It happened again last night. I was sleeping, dreaming about our Superhero Workout. I had these fantastic ideas about how I was going to build our superhero costumes. I fell asleep and made a Wonder Woman Headband and woke up. Then I fell asleep and made capes out of the fabric I already have. Then I fell asleep again and made gloves out of socks that I would buy at Macy’s. Then I fell asleep again and added to the gloves some underwear that I would buy at Macy’s and wear over my leggings so I would have a superman-ish costume. And I’d buy t-shirts that match the underwear and it would make the costume even better. And then I woke up. And fell asleep again and made some more Wonder Woman Headbands and this time some arm cuffs that I would spray paint gold with the gold spraypaint that I just happen to own. Every time I woke up I realized that it was still night time and I hadn’t actually made the costume. I’d fall back asleep and in the dream I put my plan into action. And then again. And then again. I kept waking up, and having the same dream over and over and over. Although it wasn’t a nightmare, it didn’t feel good because I would wake up and realize that I hadn’t put the plan into action in real life. So I’d fall back asleep and my brain would remind me that I had this great idea.
We’ve all had it happen. We fall asleep at night only to have a dream about work or our personal life. Something we were supposed to do that we didn’t, or something that we should do tomorrow. An idea you have about how you could do something better. Then we wake up only to fall asleep and have the same dream over and over again. It seems so realistic, our brains on overdrive trying to do something important. What to do in these situations?
You have a couple of solutions.
1. Label it- The first thing I usually do is to wake myself up completely and identify the situation. My brain is just trying to remind me that I have a great idea and I should remember it tomorrow. So, I don’t say it out loud, because my husband might wonder about my sanity, but to myself I say something like, “This is a dream about how I can improve my counseling sessions. I don’t want to forget to have the client fill out paperwork.” Then I close my eyes, take a few deep breaths and focus on the sounds that I can hear. As I concentrate on the sounds I allow myself to fall back asleep. Sometimes this is enough and the endless cycle of dreams will stop and I will sleep until the morning. Sometimes however, this isn’t enough.
2. Complete the Dream and Move On- The next thing I will do if the above hasn’t worked is to intentionally go into the dream and follow it through to completion. One of the problems with this work dream is that it never seems to end. So, I’ll relax again, take a few deep breaths, listen to the sounds around me and start to drift back into the dream. If you’ve never done this before, it’s worth practicing, it helps a lot when you have bad dreams. When you are half-asleep, you go back to your last dream and think to yourself, how do you want this to end? If it’s the work dream, you can simply follow through. I give the paperwork to the client, the client fills it out, the session goes fabulously, the client is so happy with our session, they leave and I go celebrate. To get yourself out of the old dream, you have to continue it until you move past it. So for me to get out of this counseling session cycle, I have to move past the session to the next thing. For me this could be a celebration at a restaurant or dinner at home with my husband. The trick being to get your mind moved from the old cycling thought to something new. Hopefully your brain will catch on and take it from there. With a scary dream you take control and defeat whatever it is that is scaring you. If your feet feel stuck like you are in molasses and you can’t run, you take charge of the dream and either make yourself run- or put yourself in a car or a boat. Or turn around and face the scary thing and fight it and win. And then continue the dream past the battle to something new.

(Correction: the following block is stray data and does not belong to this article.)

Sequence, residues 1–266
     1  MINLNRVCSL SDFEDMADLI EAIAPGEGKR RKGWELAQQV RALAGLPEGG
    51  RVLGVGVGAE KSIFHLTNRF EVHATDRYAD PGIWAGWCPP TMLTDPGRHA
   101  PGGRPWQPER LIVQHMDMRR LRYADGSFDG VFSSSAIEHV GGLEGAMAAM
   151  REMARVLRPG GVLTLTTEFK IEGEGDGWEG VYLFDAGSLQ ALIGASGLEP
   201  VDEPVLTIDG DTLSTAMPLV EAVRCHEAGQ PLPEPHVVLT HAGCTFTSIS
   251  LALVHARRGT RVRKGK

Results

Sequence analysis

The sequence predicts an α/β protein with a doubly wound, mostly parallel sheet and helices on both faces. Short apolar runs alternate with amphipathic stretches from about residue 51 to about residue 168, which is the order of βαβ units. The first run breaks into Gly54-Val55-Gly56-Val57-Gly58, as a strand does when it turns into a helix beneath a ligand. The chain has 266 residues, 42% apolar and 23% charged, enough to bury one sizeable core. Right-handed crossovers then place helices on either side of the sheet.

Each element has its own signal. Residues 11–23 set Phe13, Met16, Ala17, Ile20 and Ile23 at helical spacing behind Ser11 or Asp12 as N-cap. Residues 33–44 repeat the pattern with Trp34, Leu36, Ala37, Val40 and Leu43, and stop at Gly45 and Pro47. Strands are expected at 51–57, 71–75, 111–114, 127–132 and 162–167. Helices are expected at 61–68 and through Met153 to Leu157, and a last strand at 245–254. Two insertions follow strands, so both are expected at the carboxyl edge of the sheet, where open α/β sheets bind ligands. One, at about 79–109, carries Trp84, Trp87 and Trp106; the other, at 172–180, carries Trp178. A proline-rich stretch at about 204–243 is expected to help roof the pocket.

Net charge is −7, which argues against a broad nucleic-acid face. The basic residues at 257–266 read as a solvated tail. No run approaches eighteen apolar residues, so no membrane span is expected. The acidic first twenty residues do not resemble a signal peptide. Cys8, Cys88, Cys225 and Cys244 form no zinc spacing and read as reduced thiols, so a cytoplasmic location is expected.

3. Get out of bed- If the above options still haven’t worked, then my last option is to get out of bed and find something quiet to take my mind off of it. Again, you want to put something more pleasant into mind, but you don’t want to wake up so much you can’t fall back asleep. This means no computer or cellphone or any other technology. They all give off a blue light that tells your brain it’s time to wake up. Turn on a dim light and find yourself a book, a magazine, or a blank piece of paper and a pencil. Find a story or some pictures that are interesting. Or draw or write about something. It could be about the dream or something else. But get your thoughts unstuck by intentionally putting new ideas in there. B
This usually works, but it wakes me up a bit, so if you fall asleep, that’s great, but if not I sometimes have to start a body relaxation meditation to relax. I take a few deep breaths. Listen to the sounds around me. I start with my toes and relax them. Then my feet, then my heels, then my ankles, my shins, my calves, my knees, etc. All the way up to the crown of my head. Usually I’ve drifted off by the time I get to my arms.
Hopefully this is helpful to you, it took me a long time to be able to get back to sleep, but unless I have had coffee past 7pm I can usually get myself back to sleep in this kind of situation.